THE BLOG
05/07/2014 12:24 pm ET Updated Jul 06, 2014

What Both Richard Dawkins and Muslims Need to Understand

Richard Dawkins's, the famous scientist and bestselling author, is no stranger to controversy. Fiercely atheist, his attacks on religion in general and Islam in particular have often generated polarized reactions, with some hailing his candidness and freethinking while others alleging that generalizes too much and is in essence a racist and xenophobic.

Due to increasing penetration of social media, particularly Twitter, Mr. Dawkins's views have started to reach a much wider audience. And one of the biggest problems with Twitter is that 140 (or less) words statements, if controversial, evoke strong reactions mainly because the rationale of the author cannot be fully understood.

But Mr. Dawkins's statements are often too blunt to give him any benefit of the doubt; but he is not seeking it either. He is pretty unapologetic about his views. He hates religion and of all the religions, he thinks that Islam is the greatest evil.

In one of the latest tweets, he was very blunt when he said "Haven't read Koran so could not quote chapter and verse like I can for Bible. But often say Islam greatest force for evil today"
And despite the fact that he acknowledged his lack of knowledge about Islamic text, he still justified his opinion by adding "Of course you can have an opinion about Islam without reading Quran. You do not need to read Mein Kampf to have an opinion about Nazism."

And before that he also attributed lack of enough number Nobel Prizes won by Muslims to their religion.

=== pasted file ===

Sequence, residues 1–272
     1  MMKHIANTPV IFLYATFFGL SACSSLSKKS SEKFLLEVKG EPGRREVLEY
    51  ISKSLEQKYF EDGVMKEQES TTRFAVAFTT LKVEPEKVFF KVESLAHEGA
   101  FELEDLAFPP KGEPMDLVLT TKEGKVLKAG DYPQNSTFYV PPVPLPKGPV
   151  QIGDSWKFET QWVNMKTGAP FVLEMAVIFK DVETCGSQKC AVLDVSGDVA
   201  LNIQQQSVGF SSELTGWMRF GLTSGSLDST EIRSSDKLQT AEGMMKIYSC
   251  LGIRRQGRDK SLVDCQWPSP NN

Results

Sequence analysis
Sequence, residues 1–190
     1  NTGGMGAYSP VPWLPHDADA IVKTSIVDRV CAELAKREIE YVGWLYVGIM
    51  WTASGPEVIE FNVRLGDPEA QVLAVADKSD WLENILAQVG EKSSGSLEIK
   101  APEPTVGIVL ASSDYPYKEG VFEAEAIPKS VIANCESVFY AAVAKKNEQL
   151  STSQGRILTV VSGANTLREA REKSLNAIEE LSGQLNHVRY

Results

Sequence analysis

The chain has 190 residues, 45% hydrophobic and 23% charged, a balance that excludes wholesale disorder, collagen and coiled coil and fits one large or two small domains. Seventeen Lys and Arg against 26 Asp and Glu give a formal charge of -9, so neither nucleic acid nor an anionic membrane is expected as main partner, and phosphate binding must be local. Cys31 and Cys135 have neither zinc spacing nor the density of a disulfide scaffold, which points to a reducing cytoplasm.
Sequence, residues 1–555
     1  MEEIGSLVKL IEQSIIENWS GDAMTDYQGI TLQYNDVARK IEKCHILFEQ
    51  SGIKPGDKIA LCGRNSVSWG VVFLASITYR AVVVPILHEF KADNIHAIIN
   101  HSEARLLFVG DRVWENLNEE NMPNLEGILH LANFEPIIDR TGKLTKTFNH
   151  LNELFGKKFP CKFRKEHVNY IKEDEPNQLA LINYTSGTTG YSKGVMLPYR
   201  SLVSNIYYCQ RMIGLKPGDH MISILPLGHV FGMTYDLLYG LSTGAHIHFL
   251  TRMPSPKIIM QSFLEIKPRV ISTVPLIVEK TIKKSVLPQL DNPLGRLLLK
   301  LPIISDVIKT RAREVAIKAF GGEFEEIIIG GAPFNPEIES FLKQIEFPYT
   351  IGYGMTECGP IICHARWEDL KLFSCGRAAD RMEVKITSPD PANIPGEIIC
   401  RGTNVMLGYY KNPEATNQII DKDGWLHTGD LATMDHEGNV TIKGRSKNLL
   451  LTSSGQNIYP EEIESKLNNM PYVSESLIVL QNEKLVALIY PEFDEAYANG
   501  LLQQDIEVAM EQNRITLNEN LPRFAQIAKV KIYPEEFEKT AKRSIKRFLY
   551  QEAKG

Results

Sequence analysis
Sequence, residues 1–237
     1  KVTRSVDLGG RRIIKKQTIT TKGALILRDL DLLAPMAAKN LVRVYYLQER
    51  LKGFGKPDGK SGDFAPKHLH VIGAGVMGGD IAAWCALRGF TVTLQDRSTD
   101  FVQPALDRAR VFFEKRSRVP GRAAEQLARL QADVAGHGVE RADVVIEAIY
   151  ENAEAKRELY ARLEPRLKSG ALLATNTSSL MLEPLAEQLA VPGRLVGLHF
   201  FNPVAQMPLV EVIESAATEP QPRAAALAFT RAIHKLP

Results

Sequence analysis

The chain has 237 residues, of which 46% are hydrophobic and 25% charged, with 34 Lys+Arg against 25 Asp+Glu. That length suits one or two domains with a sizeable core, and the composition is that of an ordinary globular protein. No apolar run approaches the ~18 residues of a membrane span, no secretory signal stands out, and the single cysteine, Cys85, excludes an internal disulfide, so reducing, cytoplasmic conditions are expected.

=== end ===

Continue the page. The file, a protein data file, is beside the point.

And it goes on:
These comments have evoked very strong and polarized reactions from various quarters. Some have hailed Dawkins for saying "plain truths" in a blunt and befitting manner. Many have gone on to justify his stances as "essential" to jerk Muslims awake and show them the mirror.

Others have branded Dawkins as promoting xenophobia and racist beliefs. Dawkins has been criticized for stereotyping and generalizing and painting every Muslim with the same brush.
Dawkins defends his views by saying that a statement of fact is not bigotry and that religion is not like a race as you can convert into the former. His supporters also claim that he has also been very harsh on other religions and it is Muslims' own inability to deal with criticism which is to be blamed. It is being said that reaction of the Muslims is often more than warranted and they lack ability to enter into a civic debate.

So which side is "correct" here? Is Dawkins really doing a service here by being blunt and calling what his supporters claim spade a spade? Do Muslims need to be shown how evil their faith is and only by doing so, can they be made to awaken from state of self delusion and and the rest of the world spared from Islam's wrath?

It is true that a religion is not exactly like ethnicity and consists of a set of ideals and beliefs which can, at least theoretically be adhered to, or left. In this sense, it is not like ethnicity.